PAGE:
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简介> <类型运算符
[edit] Last updated: Fri, 22 Jul 2011

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简介> <类型运算符
[edit] Last updated: Fri, 22 Jul 2011
 
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wintermute 29-Aug-2007 07:45
Sinured: You can do the same thing with logical OR; if the first test is true, the second will never be executed.

<?PHP
if (empty($user_id) || in_array($user_id, $banned_list))
{
exit();
}
?>
Sinured 01-Aug-2007 06:59
As mentioned below, PHP stops evaluating expressions as soon as the result is clear. So a nice shortcut for if-statements is logical AND -- if the left expression is false, then the right expression can’t possibly change the result anymore, so it’s not executed.

<?php
/* defines MYAPP_DIR if not already defined */
if (!defined('MYAPP_DIR')) {
   
define('MYAPP_DIR', dirname(getcwd()));
}

/* the same */
!defined('MYAPP_DIR') && define('MYAPP_DIR', dirname(getcwd()));
?>
dougnoel 06-May-2006 01:29
Further response to Niels:

It's not laziness, it's optimization.  It saves CPUs cycles.  However, it's good to know, as it allows you to optimize your code when writing.  For example, when determining if someone has permissions to delete an object, you can do something like the following:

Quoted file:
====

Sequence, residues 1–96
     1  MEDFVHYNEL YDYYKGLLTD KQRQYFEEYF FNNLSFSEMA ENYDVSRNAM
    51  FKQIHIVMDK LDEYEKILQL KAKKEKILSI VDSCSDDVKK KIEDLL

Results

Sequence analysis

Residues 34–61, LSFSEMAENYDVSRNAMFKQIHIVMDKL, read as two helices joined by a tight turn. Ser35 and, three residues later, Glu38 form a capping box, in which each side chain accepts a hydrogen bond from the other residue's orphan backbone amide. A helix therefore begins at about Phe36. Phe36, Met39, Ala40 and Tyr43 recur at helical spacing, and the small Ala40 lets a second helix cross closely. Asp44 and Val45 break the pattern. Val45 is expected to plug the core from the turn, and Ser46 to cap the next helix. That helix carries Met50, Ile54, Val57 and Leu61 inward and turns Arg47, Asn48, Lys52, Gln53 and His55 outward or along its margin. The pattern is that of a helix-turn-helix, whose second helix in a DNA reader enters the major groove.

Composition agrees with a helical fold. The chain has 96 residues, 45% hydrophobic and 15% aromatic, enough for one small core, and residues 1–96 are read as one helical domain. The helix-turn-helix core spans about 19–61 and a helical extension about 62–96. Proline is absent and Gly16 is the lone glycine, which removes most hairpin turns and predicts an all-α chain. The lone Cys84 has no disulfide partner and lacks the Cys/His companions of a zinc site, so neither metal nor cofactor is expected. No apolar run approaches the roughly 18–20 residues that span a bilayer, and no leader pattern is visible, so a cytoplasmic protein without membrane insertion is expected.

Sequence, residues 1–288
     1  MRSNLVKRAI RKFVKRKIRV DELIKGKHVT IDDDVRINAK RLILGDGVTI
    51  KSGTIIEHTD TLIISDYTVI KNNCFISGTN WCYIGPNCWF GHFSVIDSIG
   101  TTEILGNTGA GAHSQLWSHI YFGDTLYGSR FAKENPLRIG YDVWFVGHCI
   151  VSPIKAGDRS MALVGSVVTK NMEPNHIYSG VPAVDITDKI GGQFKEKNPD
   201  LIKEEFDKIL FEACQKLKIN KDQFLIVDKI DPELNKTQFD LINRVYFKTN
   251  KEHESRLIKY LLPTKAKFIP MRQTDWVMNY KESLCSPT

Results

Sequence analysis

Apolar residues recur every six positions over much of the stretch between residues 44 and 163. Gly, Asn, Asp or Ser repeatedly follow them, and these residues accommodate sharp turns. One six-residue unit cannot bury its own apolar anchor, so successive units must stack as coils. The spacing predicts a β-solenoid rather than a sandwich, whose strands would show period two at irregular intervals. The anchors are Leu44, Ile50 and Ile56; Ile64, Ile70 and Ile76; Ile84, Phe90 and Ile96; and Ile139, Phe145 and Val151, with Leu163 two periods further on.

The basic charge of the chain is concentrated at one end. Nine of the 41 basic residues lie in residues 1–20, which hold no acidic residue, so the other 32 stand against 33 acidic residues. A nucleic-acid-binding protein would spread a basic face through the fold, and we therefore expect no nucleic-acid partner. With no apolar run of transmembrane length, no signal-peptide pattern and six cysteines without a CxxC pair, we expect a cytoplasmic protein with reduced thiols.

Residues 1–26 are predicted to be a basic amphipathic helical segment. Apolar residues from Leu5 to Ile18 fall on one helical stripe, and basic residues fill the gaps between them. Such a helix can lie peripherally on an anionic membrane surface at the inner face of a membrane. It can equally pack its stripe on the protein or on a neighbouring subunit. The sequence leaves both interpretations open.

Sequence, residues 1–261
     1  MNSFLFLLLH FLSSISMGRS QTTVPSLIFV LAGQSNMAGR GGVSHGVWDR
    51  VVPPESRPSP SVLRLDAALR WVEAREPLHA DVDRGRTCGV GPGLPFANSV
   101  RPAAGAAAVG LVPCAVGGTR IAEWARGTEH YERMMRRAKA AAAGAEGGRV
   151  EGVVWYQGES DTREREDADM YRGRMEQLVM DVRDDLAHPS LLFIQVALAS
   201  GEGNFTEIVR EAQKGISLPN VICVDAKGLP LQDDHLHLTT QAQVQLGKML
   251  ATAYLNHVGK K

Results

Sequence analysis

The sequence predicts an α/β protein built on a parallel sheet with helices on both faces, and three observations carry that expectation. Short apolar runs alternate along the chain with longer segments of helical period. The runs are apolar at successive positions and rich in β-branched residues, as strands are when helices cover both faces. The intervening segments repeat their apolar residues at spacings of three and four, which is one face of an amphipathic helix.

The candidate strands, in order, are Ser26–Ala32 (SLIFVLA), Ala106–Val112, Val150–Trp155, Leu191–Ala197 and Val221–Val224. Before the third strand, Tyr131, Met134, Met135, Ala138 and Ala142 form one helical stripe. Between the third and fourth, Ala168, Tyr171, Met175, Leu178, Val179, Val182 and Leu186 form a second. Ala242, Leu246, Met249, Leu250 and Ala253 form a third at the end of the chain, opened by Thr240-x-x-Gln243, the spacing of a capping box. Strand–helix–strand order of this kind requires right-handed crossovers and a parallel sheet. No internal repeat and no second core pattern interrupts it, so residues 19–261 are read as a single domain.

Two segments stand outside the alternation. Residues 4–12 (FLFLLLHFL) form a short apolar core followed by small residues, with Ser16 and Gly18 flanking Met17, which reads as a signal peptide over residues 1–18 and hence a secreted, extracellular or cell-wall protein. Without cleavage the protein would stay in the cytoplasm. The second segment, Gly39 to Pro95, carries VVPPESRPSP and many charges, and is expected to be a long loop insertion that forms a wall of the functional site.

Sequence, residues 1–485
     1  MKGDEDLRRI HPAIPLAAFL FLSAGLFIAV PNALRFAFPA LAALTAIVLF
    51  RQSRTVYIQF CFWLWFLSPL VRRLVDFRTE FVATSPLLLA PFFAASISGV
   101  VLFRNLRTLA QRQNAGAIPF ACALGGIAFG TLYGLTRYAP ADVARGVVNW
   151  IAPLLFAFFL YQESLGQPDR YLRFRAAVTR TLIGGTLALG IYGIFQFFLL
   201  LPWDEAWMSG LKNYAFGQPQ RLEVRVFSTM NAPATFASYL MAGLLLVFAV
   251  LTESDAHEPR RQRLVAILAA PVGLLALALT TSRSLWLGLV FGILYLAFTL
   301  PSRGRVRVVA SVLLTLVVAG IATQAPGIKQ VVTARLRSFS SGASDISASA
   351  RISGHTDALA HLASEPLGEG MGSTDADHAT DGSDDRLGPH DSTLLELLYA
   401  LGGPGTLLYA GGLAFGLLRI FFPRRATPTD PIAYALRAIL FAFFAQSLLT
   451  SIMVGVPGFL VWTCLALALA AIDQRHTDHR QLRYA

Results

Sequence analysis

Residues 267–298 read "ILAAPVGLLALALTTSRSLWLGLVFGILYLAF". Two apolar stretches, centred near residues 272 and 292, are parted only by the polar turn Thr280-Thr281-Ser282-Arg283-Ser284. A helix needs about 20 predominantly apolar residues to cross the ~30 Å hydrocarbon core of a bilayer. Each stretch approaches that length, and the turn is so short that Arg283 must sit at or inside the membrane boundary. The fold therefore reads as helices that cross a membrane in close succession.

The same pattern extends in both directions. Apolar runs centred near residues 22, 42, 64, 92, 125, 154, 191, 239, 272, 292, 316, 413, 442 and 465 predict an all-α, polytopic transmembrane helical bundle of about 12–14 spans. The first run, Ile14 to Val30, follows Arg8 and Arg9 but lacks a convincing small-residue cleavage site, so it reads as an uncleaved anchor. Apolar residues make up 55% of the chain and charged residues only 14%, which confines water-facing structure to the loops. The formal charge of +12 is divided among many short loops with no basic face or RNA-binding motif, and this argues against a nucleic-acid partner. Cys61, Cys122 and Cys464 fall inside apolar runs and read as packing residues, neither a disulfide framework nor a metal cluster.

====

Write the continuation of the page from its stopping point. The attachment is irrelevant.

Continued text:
if ($is_admin && $has_delete_permissions)

If only an admin can have those permissions, there's no need to check for the permissions if the user is not an admin.
niels dot laukens at tijd dot com 26-Dec-2004 03:49
For the people that know C: php is lazy when evaluating expressions. That is, as soon as it knows the outcome, it'll stop processing.

<?php
if ( FALSE && some_function() )
    echo
"something";
// some_function() will not be called, since php knows that it will never have to execute the if-block
?>

This comes in nice in situations like this:
<?php
if ( file_exists($filename) && filemtime($filename) > time() )
   
do_something();
// filemtime will never give an file-not-found-error, since php will stop parsing as soon as file_exists returns FALSE
?>

 
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